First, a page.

The benefits of resistance training in both competitive and recreational athletes have been well documented over the past 20 years. Improvements in muscle strength and power, increase in muscle size, and improvement in sports performance are common benefits resulting from resistance training programs. In addition, resistance training has also been suggested to reduce the risk for musculoskeletal injuries, or reduce the severity of such injury. The physiological adaptations seen consequent to resistance training on bone, connective tissue and muscle implies enhanced protection against injury for individuals who participate in such a training program.  Reducing the incidence of injury by engaging in a resistance training program is as beneficial for the noncompetitive beginner as it is for the professional athlete. The most important step, after medical clearance, is to locate a qualified individual (exercise scientist/ physiologist or sport trainer) to develop a safe and effective resistance training program. - Written for the American College of Sports Medicine by Jay Hoffman, Ph.D., FACSM

Don’t get me wrong to be a good runner, you still need to put in the miles.  And I am a firm believer that the more mileage you can put in, the better your body will be prepared to train and race hard.  But if you have the time, adding a strength workout can be the quickest and easiest way to make that next significant improvement.  And if you don’t have the time, then cut back on your mileage to make the time.  It will make a difference.

And take heart, the strength training doesn’t have to be complicated or difficult.  You don’t even need a gym or weights.  Your body is weight enough and only a couple of exercises done properly and consistently can make the difference.  Simple lunges, body weight squats, step ups, push ups, and pull ups combined with some core exercises are easy to do, and could get you well on your way.   If you are a bit more experienced you can add weight and some other more complicated exercises, but you don’t have to.  And finally if you are a short distance runner, less than 5K, then some (notice the word is SOME) power type lifting (Power Cleans, Hang Cleans, etc.) could be beneficial to build more power and strength.  However for endurance runners, lifting more than 25-30 lbs. will not ever be necessary.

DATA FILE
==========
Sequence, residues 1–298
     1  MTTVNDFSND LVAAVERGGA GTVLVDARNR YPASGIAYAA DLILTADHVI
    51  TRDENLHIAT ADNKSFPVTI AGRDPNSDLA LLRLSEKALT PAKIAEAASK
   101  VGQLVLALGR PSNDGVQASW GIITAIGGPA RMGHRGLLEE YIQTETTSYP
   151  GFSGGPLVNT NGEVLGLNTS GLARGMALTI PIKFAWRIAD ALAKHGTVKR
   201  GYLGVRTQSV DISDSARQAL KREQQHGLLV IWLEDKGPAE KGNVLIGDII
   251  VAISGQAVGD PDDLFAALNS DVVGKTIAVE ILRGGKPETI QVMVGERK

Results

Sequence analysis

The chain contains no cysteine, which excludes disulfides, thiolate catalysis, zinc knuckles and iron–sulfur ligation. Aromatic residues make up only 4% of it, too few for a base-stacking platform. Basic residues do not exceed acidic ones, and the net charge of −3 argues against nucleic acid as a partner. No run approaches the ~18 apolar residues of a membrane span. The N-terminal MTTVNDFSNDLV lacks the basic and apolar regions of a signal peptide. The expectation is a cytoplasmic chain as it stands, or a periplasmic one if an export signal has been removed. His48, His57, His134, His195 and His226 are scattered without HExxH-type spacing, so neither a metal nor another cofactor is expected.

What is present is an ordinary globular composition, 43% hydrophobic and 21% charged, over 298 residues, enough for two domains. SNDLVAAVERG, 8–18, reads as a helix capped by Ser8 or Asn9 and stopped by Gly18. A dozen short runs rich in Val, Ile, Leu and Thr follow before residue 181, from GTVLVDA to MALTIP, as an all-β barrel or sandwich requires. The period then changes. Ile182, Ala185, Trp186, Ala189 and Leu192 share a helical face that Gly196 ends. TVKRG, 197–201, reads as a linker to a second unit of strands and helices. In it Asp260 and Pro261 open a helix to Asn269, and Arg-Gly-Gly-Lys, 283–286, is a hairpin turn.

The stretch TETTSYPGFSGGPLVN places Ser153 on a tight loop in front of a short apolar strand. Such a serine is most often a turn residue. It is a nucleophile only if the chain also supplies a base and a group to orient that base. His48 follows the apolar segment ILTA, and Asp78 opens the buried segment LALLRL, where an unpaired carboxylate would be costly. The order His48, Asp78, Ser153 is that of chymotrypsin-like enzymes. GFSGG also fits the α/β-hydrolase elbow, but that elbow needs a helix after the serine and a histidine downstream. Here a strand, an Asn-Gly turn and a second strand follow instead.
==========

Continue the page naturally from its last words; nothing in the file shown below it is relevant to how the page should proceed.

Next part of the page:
Before you get started make sure you have no significant skeletal injuries that would prevent you from strength training.  Consult a Personal Trainer or Certified Strength and Conditioning Coach to make sure you learn the proper form to prevent injuries.  And find a trainer/coach that is also a runner, so that they can guide you on weights, reps, sets, etc.  The last thing you want is someone that is creating a strength program that is counterintuitive to your running goals.  After you have learned the proper form and the proper program, then get after it!  Sign up for that next race and feel confident that a PR just may well be at the next finish line!


Kyle Will is a Certified Strength and Conditioning Coach, Registered Strength Coach both through the National Strength and Conditioning Association.  He also owns WillPowerTraining Studio and coaches both recreational and competitive runners as well as the Bend High Track and XC teams.  He has been in Central Oregon for 14 years teaching people about the benefits of strength training and running.  Although he doesn’t always follow his own advice, he has seen the benefits of adding strength training to a runners program over and over with his clients and runners.  Although he never made any money running, he has some respectable PR’s in the 5K 16:43. 10K 34:27, ½ marathon 1:16, and marathon 2:46.  Since starting his business and his family in 2005 he enjoys helping make other runners faster more than running fast himself

1 comment:

MoLangley said...

I have been looking into Dana Point Endurance Training and it seems like there are a lot of really good options.